You are meant to start off laughing with Poprishchin only for it to gradually become clear how badly he’s affected with an increasingly warped perception of the world around him. I can’t say anyone laughed out loud but that wasn’t the point… this is the downfall of a man alienated from the society around him and has that dark sort of tragi-comic style of humour that Russia is renowned for and finds itself in many ways reflected in the Welsh sense of humour also.

20171104_192745 the diary of a madman stage and actor before the start

Costume wise he wears a shabby striped dress shirt with a dirty t-shirt beneath, waistcoat and flat cap. During the later sections he removes his shirt and draws tally marks on himself with charcoal. Then a large number 8 on his chest when he thinks he is the new King of Spain. Towards the end he eventually composes, on stage, a cape from sheets of newspaper he straps together with masking tape when he dresses as the king of Spain. He does this all while ranting on stage. Quite impressive though I could see the tears in the paper. I wonder if it’s ever fallen apart of he has torn it too severely when putting it on. Well it’s all part of the spectacle leaving a great impact to see how far the character has fallen.

The stage is four pallets with alterations to hide certain items like the paper chain of dog’s correspondence letters or the paper he scrunched up as a hand puppet to represent the petty councillor confronting him at one point leading to a comedic scene of him conversing with a hand puppet as he mockingly recounts the event. In the final part he upturns the pallets to make the walls of the asylum cell. At one point, to represent the theatre, he opens up a book with a little pop-up theatre building, similar to a child’s pop-up book, then sat in the front row and began to laugh more and more hysterically which in-character showed how desperately out of step the character, yet desiring acceptance, even at this early stage when interacting with those around him (both as part of the play and when interacting with the audience).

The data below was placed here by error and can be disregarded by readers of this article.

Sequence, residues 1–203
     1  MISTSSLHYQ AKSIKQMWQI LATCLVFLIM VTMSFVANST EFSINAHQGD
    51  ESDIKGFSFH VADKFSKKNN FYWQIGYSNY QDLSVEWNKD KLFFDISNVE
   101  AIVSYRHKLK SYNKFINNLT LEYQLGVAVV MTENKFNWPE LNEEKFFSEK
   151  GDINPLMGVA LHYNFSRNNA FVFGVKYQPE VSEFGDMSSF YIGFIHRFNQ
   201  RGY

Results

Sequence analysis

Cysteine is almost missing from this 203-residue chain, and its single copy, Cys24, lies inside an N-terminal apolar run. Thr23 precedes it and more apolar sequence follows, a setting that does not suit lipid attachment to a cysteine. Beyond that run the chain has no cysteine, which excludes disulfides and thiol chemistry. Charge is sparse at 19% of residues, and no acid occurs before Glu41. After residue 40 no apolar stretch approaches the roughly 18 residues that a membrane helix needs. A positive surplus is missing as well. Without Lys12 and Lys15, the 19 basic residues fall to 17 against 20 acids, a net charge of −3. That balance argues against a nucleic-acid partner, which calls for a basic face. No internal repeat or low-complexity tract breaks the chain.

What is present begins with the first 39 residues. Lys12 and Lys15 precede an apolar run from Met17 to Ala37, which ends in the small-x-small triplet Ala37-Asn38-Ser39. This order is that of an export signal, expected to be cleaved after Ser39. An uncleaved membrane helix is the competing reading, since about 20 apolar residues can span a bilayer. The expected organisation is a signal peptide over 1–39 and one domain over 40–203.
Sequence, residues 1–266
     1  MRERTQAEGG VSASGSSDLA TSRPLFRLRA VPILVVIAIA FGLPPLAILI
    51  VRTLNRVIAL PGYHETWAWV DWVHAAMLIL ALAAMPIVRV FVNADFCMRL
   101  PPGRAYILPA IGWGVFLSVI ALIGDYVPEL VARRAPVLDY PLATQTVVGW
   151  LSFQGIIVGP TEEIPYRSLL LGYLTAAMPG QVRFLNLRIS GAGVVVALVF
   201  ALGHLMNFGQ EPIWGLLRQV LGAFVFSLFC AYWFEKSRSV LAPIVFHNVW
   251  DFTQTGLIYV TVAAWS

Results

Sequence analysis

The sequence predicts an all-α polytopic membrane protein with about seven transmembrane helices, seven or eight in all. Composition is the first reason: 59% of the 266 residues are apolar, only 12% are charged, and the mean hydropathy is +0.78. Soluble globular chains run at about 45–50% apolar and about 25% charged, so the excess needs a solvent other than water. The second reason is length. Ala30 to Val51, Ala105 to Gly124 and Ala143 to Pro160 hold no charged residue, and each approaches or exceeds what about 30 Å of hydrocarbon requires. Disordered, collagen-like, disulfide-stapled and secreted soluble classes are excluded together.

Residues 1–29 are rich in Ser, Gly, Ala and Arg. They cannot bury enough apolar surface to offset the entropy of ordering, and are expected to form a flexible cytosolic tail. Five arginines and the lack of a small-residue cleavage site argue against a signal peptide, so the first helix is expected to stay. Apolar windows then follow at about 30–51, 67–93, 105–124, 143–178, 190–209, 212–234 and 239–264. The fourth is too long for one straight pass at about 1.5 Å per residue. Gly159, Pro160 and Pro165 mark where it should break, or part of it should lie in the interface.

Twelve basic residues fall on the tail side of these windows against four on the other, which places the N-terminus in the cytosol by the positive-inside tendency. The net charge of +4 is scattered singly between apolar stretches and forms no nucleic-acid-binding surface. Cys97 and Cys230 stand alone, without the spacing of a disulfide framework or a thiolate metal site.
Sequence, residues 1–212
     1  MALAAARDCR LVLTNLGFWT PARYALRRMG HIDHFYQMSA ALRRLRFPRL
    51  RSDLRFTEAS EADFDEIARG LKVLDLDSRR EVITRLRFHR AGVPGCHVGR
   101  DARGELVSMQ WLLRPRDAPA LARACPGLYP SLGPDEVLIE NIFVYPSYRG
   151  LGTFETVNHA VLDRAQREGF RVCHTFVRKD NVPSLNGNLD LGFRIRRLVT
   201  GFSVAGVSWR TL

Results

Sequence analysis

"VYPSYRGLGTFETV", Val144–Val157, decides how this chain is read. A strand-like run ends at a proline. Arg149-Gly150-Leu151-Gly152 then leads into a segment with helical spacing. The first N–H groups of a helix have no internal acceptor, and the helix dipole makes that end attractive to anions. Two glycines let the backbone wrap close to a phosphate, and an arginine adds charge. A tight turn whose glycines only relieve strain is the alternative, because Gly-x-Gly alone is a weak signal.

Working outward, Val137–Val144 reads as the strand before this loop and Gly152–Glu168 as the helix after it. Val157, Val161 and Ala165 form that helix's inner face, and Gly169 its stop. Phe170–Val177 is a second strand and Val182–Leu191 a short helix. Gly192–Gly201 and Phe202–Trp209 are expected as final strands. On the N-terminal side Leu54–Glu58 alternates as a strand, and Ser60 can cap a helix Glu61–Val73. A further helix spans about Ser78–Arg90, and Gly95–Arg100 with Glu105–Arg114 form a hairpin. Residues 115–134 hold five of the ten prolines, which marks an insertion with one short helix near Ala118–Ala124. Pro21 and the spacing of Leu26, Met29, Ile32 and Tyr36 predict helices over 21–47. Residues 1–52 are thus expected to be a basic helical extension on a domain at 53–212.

A bare bulb hangs down and flares into a orangey pink light at times though there is also the lamp to one side and the stage lighting which intensifies starkly in later scenes creating long shadows across the space. He uses a bulldog clip to hang papers and such on the bare bulb wire in earlier scenes and tears them down later on. The sound and lighting play an important part in establishing the scenes especially in the hellscape like experience of the asylum. In the production’s minimalist staging it helps to enforce the sense of isolation and terror he fears during the story’s progress.

Review: Very intense. I really enjoyed it. I dislike ‘audience interaction’ stuff but this wasn’t reliant on it as Bowman would carry on and adapt as needed so it was more about him making clear how disconnected the character was from society so in fact it really worked incredibly well. We probably had the best experience of it possible as he could crash into the seats and be sat in front of us so there was always that slight barrier but interaction nonetheless. The usher was sat on the chair at the end of the front row, nearest the door, so maybe, if the show sold out, that’s the chair he would take?

Bowman has mastered this piece and you will find other actors failing to match the intensity and pitiable nature of the character in other versions after seeing this. He maintains the intensity of Poprishchin’s alienation throughout with turns between humour and tragedy effortlessly. We see the division between Poprishchin’s public and private identity begin to erode exposed through his developing obsession with numbers, amongst other signs, as his duality of nature declines. The insanity grows in degrees gradually over time replacing the somewhat idiosyncratic normality of earlier scenes with the desperate distress of the comi-tragic ending.

It’s the sort of thing you expect to play at Chapter as it is the experimental arts venue of Cardiff while the Sherman is for more established performers and artistic pieces, The Royal Welsh College of Music and Drama is music orientated, Wales Millennium Centre is for the ‘big ticket’ shows and the other venues in the city exist somewhere in between these extremes.

It’s the sort of thing you expect to be followed by a short after talk once it finishes really. But that’s it and off you go off into the bleak cold of night outside having seen an excellent performance that you’ll remember for years to come and compare other actors against.

It’s the sort of thing you should definitely go see at least once in your life time, whether you love theatre or not, as it is a brilliant experience. I would happily go see it again given the chance. Highly recommended.

It’s the sort of thing you should definitely go see!